At the Manitoba Museum Indigenous Elders, artists, academics and linguists have worked with museum staff to create the “Welcome to Treaty 1” program. Delegates can book this participatory workshop at the Museum, which will provide an eye-opening experience covering Canadian colonialism, pre-colonial Indigenous ingenuity and Treaty history—all utilizing a striking number of artifacts.
The CMHR too is a vital resource when it comes to both Reconciliation, and the worldly nature of Winnipeg itself. Content about Indigenous rights can be found in every gallery, including an original 360-degree film in the beautiful Indigenous Perspectives gallery that introduces Indigenous Peoples’ views on original rights and responsibilities to humanity and the land. Programming during events can be tailored to provide your delegates with thematic tours that expose the horrors of Indian Residential Schools, while your attendees will be guided through exhibits that are meant to challenge stereotypes and encourage action to create meaningful Reconciliation.
The CMHR’s leadership itself is incredibly diverse, with a great deal of real-world experience. Its CEO, Isha Khan, is a former human rights lawyer; its new Director of Equity and Strategic Initiatives is Haran Vijayanathan, whose advocacy and program director background includes the HIV, LGBTQ, and mental health sectors; and its Vice President of External Relations and community engagement is Riva Harrison, a communications professional and former newspaper columnist who has won two Manitoba Human Rights Commission journalism awards.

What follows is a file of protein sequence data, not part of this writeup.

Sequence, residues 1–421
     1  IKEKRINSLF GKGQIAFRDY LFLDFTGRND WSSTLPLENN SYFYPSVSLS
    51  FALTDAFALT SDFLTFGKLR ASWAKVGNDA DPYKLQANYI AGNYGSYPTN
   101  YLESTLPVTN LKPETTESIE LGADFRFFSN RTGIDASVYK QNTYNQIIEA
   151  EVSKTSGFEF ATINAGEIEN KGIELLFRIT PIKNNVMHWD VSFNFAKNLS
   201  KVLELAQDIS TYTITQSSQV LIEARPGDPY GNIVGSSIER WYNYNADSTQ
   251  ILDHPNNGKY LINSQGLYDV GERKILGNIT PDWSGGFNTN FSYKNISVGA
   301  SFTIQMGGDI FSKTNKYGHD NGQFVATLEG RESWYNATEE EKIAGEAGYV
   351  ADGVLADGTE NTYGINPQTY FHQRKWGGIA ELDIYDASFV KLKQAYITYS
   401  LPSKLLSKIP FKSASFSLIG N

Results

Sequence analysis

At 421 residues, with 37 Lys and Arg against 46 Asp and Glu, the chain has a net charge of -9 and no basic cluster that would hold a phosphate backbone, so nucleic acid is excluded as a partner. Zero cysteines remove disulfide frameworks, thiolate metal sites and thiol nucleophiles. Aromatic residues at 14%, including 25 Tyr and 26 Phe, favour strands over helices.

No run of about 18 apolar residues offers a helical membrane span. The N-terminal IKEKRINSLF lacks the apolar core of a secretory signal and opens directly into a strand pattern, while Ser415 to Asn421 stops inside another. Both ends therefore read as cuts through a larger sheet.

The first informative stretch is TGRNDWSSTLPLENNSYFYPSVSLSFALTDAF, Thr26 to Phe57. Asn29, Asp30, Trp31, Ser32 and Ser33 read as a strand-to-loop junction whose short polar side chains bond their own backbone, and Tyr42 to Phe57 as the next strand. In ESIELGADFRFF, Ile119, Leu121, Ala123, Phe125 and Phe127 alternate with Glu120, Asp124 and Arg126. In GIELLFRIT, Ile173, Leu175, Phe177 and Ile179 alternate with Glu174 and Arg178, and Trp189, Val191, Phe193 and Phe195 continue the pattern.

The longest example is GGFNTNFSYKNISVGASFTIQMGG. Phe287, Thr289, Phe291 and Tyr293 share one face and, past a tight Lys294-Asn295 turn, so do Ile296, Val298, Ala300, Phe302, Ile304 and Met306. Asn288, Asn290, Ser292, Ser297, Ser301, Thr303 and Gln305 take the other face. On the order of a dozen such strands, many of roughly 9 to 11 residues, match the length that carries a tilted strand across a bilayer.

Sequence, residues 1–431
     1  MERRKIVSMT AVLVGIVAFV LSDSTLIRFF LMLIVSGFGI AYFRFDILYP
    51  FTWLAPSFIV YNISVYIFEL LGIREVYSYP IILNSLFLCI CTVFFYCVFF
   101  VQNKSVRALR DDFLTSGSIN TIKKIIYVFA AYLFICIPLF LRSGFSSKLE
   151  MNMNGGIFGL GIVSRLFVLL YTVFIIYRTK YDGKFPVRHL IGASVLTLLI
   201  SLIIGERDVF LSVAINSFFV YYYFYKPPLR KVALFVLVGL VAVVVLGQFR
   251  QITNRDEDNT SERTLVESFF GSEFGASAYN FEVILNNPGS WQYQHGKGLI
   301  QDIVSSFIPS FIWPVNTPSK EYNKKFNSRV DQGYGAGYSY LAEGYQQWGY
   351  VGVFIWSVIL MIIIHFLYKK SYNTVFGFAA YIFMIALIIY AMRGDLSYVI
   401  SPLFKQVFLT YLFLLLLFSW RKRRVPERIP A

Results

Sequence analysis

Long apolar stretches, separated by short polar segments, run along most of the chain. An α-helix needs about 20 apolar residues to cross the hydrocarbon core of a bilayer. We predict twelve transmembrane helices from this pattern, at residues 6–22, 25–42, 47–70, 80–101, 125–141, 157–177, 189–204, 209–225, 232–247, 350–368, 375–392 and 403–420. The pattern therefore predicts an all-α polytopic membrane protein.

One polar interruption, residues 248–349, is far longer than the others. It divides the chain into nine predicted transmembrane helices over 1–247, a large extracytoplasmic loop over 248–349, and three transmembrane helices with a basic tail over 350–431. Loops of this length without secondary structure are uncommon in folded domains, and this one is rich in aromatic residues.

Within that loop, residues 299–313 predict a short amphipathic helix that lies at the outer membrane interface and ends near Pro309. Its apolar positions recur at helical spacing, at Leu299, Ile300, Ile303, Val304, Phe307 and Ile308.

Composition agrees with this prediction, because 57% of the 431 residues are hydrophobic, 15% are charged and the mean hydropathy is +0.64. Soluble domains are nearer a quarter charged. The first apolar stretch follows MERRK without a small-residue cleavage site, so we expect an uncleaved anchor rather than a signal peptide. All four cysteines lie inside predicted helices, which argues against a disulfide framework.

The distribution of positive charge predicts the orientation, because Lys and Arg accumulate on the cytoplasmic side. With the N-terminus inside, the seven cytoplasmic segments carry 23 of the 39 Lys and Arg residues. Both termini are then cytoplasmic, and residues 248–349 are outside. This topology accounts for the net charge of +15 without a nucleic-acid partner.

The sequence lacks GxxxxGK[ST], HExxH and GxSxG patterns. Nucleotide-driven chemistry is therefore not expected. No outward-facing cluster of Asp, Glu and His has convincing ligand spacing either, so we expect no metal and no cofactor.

Winnipeg Art Gallery-Qaumajuq is home to the world’s largest collection of Inuit art and has seen rave reviews from the likes of The New York Times, Smithsonian Magazine, Elle, The Globe and Mail, Forbes and enRoute since the new connecting building opened in 2021.
As journalist Bert Archer states in his enRoute review,
Qaumujuq breaks so many molds, and is a true beacon for Reconciliation: It’s not just that Qaumajuq… is the first major Canadian cultural institution to be given an Indigenous name by Indigenous people; or that it was built to house the world’s largest public collection of Inuit art; or that the collection is co–managed by an Inuit curator; or that the whole project has been overseen by an Indigenous advisory circle made up of members from Manitoba First Nations and the four regions of Inuit Nunangat (Inuvialuit, Nunatsiavut, Nunavik, Nunavut) as well as Alaska and Greenland. Any one of those factors would have made Qaumajuq unique. But together, they signal nothing less than the arrival of Inuit art onto the world stage as some of the most significant, moving, meaningful, subversive, sophisticated, and straight–ahead gorgeous contemporary art on the planet. In 2021, what could so easily have been (and briefly was) called the Inuit Art Centre is putting to final and spectacular rest the colonial notion that art by Indigenous people is a branch of anthropology.
INUA, Qaumajuq’s first exhibit, was created by an all-Inuit curatorial team representing all four regions of the Inuit territories, while the WAG itself is always working with its Indigenous Advisory Circle—full of Language Keepers, academics and community members—to ensure its content follows both the Truth and Reconciliation Commission Calls to Action and the United Nations Declaration on the Rights of Indigenous Peoples. Needless to say, the WAG is more than ready to provide an authentic cultural experience.
Our Tourism Team can help make your Winnipeg experience inclusive and educational for all
Our Tourism Winnipeg Team is always willing to help facilitate your next meeting or convention in Winnipeg.
As part of our Meeting Services, we can direct you to which local speaker would be best for your conference—be it an Elder, a worldly member of Folklorama–including its performance groups, or a local celebrity or motivational speaker.
We look forward to help bring an authentic, educational and uplifting cultural experience to your next business event in Winnipeg.